Like HappyCoder suggested, vector math is probably a better answer for the computation at the core of your algorithm.  The arc tangent function driving your current implementation evaluates to an approximation of an infinite Taylor Expansion (see Calculus); if the "infinite" wasn't a hint... this is expensive !  HappyCoder's suggestion is extremely efficient under the assumptions he made.  Given those same assumptions (regular, evenly distributed hexagons) I would have done the same thing.  Keep in mind if you do choose this approach that computing the absolute distance between two points requires you to take a square root; this square root also evaluates to an approximation of an infinite Taylor Series expansion, and is equally inefficient.  If you're going to do it this way, simply perform your comparisons against the squared values.  If a > 0, b > 0, and a < b, then a2 < b2.  Performing comparisons against squared results will yield the same answer, but much more quickly.

However, allow me to present a different approach which does not rely on these assumptions; there is an algorithm using cross products that will work for any convex, 2-dimensional shape.  Again, this implementation makes it easy to move your grid away from Hexagons at some point in the future if so desired... so long as the desired geometric structure is convex.  The algorithm is based on the following mathematical foundation:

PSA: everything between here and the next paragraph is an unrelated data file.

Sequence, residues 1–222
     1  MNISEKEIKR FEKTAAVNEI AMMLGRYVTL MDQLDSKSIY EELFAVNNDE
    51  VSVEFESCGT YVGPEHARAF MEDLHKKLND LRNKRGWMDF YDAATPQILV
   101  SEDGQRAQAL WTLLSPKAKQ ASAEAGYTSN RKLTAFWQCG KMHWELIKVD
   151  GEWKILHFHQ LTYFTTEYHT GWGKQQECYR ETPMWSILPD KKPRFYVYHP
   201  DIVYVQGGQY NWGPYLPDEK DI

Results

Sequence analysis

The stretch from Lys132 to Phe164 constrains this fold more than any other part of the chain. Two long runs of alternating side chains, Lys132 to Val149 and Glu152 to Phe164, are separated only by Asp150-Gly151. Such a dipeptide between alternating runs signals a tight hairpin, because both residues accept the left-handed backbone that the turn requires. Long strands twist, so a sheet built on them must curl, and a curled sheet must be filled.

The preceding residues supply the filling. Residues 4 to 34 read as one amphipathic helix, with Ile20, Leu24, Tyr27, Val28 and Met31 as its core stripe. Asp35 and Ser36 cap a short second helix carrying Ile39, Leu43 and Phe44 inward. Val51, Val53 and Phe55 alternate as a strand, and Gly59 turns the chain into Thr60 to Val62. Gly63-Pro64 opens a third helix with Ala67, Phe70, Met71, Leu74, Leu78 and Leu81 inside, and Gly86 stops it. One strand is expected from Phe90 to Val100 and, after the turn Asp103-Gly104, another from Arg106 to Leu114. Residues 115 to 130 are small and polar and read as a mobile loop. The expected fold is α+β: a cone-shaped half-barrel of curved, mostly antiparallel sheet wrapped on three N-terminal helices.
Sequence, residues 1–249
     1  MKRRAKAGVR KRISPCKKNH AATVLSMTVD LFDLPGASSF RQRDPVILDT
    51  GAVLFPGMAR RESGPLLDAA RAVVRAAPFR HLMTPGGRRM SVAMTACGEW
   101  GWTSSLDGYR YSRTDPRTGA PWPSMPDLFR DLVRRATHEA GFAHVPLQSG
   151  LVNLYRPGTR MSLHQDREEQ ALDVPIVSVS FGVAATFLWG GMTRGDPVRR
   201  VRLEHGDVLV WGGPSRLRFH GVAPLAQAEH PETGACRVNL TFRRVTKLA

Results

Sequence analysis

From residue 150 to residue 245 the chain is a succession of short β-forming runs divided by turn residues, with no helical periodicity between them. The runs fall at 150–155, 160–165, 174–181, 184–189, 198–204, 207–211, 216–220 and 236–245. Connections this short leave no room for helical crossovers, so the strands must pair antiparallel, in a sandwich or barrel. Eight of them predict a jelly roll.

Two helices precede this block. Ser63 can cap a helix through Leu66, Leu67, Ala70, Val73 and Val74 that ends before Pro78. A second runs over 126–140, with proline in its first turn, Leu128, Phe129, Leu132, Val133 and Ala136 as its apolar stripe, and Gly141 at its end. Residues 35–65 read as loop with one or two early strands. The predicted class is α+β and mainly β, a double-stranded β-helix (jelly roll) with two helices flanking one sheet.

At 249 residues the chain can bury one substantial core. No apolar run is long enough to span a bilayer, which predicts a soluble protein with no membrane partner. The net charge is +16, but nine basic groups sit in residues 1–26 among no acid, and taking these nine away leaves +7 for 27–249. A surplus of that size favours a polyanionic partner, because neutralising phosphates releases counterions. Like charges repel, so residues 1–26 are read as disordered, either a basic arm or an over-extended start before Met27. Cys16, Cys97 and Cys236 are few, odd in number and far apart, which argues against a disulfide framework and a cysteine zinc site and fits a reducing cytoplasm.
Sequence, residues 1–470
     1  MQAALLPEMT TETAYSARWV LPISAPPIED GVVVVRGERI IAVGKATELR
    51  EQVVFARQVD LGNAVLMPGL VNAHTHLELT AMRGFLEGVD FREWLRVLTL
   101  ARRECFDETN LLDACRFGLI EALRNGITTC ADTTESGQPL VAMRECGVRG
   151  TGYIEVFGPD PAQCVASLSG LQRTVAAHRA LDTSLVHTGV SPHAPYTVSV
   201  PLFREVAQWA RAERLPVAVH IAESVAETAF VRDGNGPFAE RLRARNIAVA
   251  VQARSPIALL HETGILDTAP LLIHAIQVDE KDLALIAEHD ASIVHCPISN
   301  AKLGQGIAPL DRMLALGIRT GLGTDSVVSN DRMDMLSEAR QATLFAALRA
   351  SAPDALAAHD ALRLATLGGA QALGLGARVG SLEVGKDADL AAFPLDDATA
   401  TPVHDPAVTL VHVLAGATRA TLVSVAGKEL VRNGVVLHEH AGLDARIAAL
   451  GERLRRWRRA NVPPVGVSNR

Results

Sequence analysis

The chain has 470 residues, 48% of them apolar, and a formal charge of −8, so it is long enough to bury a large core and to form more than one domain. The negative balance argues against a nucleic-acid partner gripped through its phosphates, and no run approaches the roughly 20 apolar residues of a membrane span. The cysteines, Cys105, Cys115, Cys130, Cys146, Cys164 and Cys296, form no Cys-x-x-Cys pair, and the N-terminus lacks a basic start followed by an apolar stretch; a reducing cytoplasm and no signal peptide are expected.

1.  Take a line segment in a 2-dimensional plane denoted by endpoints [a,b].

2.  Take any point on the same 2-dimensional plane, denoted by z.

3.  Compute the cross product between vector [a,b] and vector [a,z], denoted by y.  ya*z - b*a.

4.  If y is positive, the vector [a,z] points to the right of vector [a,b].

5.  If y is negative, the vector [a,z] points to the left of vector [a,b].

With this information, you can compute whether a point is inside a convex polygon by wrapping around the polygon in a clockwise direction.  Compute the cross product for [a,b], [b,c], [c,d], ... etc until you come back to point a.  If [a,b] cross [a,z] is negative, all other cross products should also be <= 0.  If [a,b] cross [a,z] is positive, all other cross products should also be >= 0.  If you come across an inconsistency in this directionality, it means that either the polygon is not convex... or the point is outside of the polygon.  You can then implement this algorithm with a simple, roughly 10 line for loop.  This loop also gets rid of your current algorithm's dependence on magic numbers.